by Max Lucado
Perhaps you've never placed the word courteous next to Christ. I hadn't until I wrote this chapter.
But you know how you never notice double-cab red trucks until your friend says he wants one—then you see a dozen of them? I had never thought much about the courtesy of Christ before, but as I began looking, I realized that Jesus makes Emily Post look like Archie Bunker.
He always knocks before entering. He doesn't have to. He owns your heart. If anyone has the right to barge in, Christ does. But he doesn't. That gentle tap you hear? It's Christ. "Behold, I stand at the door and knock" (Rev. 3:20 NASB). And when you answer, he awaits your invitation to cross the threshold.
And when he enters, he always brings a gift. Some bring Chianti and daisies. Christ brings "the gift of the Holy Spirit" (Acts 2:38). And, as he stays, he serves. "For even the Son of Man did not come to be served, but to serve" (Mark 10:45 NIV). If you're missing your apron, you'll find it on him. He's serving the guests as they sit (John 13:4-5). He won't eat until he's offered thanks, and he won't leave until the leftovers are put away (Matt. 14:19-20).
He is courteous enough to tell you his name (Exod. 3:15) and to call you by yours (John 10:3). And when you talk, he never interrupts. He listens.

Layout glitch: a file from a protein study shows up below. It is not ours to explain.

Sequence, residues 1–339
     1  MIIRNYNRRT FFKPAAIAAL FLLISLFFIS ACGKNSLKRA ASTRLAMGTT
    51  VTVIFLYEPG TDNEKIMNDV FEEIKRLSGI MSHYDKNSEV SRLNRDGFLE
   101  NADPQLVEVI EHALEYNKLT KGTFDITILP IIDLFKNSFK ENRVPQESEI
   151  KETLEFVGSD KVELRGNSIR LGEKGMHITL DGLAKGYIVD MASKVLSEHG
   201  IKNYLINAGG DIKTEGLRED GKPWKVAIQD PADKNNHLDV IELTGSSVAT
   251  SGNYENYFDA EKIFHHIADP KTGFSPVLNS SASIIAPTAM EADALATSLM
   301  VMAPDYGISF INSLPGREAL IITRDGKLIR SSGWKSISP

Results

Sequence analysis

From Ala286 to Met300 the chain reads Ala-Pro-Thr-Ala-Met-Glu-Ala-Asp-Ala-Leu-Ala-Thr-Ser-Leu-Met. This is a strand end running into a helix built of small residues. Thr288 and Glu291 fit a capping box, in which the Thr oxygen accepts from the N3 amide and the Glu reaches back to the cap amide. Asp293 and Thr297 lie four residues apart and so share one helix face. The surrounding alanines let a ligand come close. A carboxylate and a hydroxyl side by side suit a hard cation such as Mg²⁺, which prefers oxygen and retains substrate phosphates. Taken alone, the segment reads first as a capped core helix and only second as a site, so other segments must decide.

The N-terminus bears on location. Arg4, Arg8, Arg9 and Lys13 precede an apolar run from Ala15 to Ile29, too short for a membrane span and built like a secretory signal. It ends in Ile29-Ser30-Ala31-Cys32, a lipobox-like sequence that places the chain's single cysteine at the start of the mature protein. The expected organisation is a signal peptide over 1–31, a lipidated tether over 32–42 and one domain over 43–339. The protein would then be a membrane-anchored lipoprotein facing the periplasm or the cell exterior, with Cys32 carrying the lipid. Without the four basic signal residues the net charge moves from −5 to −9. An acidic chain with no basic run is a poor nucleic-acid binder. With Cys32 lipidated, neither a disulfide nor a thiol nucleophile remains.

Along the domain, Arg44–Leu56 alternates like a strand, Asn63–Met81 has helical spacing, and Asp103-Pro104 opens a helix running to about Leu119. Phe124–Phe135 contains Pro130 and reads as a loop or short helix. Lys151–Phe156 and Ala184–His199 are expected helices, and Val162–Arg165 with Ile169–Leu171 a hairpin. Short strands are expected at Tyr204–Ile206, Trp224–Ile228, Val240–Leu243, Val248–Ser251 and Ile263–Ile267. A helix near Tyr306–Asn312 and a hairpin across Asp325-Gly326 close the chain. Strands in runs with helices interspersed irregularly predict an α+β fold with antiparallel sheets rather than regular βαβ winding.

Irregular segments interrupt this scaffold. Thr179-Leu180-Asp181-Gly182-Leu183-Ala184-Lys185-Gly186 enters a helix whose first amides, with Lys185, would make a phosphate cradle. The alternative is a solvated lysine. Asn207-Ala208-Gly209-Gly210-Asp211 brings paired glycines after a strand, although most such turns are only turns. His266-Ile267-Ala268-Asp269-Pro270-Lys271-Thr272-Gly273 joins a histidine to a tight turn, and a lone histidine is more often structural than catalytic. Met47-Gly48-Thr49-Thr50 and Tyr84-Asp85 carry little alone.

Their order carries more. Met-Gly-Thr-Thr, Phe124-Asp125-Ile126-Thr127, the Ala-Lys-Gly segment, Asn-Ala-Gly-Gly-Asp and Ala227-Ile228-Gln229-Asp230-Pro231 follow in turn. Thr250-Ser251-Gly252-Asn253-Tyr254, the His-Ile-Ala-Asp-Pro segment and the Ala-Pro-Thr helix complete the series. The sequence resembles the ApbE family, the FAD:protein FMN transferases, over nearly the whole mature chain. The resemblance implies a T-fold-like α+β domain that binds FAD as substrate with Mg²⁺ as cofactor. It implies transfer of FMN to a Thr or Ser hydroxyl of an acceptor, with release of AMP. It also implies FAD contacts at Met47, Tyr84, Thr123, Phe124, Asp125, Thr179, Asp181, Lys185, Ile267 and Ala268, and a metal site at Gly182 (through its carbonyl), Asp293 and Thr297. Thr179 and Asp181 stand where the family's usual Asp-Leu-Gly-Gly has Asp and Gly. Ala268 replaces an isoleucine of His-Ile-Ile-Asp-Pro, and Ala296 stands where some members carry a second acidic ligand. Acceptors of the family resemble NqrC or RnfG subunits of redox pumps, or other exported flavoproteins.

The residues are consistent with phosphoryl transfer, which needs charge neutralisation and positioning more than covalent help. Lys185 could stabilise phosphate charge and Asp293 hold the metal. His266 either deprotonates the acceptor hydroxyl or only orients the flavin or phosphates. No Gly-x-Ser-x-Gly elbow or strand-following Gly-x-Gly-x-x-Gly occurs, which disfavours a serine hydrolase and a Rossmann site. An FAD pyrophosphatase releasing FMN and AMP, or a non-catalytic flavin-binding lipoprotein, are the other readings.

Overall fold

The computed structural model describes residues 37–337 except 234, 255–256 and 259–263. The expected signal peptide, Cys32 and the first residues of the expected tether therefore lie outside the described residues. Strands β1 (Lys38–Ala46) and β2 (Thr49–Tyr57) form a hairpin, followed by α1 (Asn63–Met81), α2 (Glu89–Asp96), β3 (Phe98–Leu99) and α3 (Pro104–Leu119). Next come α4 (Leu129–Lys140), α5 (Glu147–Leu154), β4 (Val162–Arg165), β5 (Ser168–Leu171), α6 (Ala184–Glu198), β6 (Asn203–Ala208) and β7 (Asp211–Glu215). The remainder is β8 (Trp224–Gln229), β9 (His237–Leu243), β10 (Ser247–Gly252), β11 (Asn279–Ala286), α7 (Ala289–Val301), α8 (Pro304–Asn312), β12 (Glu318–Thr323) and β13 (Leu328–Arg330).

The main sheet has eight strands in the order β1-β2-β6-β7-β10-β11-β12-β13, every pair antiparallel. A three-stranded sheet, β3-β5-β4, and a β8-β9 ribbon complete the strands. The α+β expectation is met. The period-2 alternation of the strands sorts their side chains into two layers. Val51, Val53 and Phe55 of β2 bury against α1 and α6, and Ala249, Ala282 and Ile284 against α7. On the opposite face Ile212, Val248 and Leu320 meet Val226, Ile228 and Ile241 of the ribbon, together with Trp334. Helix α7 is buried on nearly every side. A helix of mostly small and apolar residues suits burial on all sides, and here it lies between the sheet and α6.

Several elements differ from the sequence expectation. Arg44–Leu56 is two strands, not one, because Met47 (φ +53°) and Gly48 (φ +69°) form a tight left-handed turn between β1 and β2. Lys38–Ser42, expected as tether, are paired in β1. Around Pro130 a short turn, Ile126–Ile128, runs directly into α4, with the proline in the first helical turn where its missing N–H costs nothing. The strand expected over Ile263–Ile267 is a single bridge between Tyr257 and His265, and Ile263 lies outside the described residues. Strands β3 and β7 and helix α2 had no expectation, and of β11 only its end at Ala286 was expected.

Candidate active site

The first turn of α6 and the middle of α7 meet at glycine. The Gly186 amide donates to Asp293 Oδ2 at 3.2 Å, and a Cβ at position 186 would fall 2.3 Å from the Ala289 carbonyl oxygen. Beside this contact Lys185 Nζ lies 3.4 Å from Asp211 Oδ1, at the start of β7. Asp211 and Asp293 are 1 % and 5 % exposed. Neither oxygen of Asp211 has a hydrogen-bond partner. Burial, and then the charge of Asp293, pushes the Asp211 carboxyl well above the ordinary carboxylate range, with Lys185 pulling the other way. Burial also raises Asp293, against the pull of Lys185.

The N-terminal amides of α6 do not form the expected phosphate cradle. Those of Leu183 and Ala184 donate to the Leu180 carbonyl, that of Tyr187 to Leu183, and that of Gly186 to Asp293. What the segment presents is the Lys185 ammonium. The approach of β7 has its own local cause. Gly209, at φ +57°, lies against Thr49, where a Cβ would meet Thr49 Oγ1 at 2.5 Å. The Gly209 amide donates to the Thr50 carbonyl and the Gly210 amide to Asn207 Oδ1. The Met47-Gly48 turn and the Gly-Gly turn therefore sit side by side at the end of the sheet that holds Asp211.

He is even on time. Never late. Never early. If you're checking your watch, it's because you're on a different itinerary. "There is a time for everything" (Eccles. 3:1). And Christ stays on schedule.
He even opens doors for you. Paul could preach at Troas because "the Lord had opened a door" (2 Cor. 2:12 NIV). When I asked my dad why men should open doors for women, his answer was one word: "respect." Christ must have abundant respect for you.
He knocks before he enters. He always brings a gift. Food is served. The table is cleared. Thanks are offered. He knows your name and tells you his, and here is one more.
He pulls out the chair for you. "He raised us up with Christ and gave us a seat with him in the heavens" (Eph. 2:6).
My wife has a heart for single moms. She loves to include a widow or divorcée at the table when we go to a restaurant. Through the years I've noticed a common appreciation from them. They love it when I pull out their chair. More than once they have specifically thanked me. One mom in particular comes to mind. "My," she blushed, brushing the sudden moisture from her eye, "it's been a while since anyone did that."
Has it been a while for you as well? People can be so rude. We snatch parking places. We forget names. We interrupt. We fail to show up. Could you use some courtesy? Has it been a while since someone pulled out your chair?
Then let Jesus. Don't hurry through this thought. Receive the courtesy of Christ. He's your groom. Does not the groom cherish the bride? Respect the bride? Honor the bride? Let Christ do what he longs to do.
For as you receive his love, you'll find it easier to give yours. As you reflect on his courtesy to you, you'll be likely to offer the same.
From A Love Worth Giving
Copyright (Thomas Nelson, 2002) Max Lucado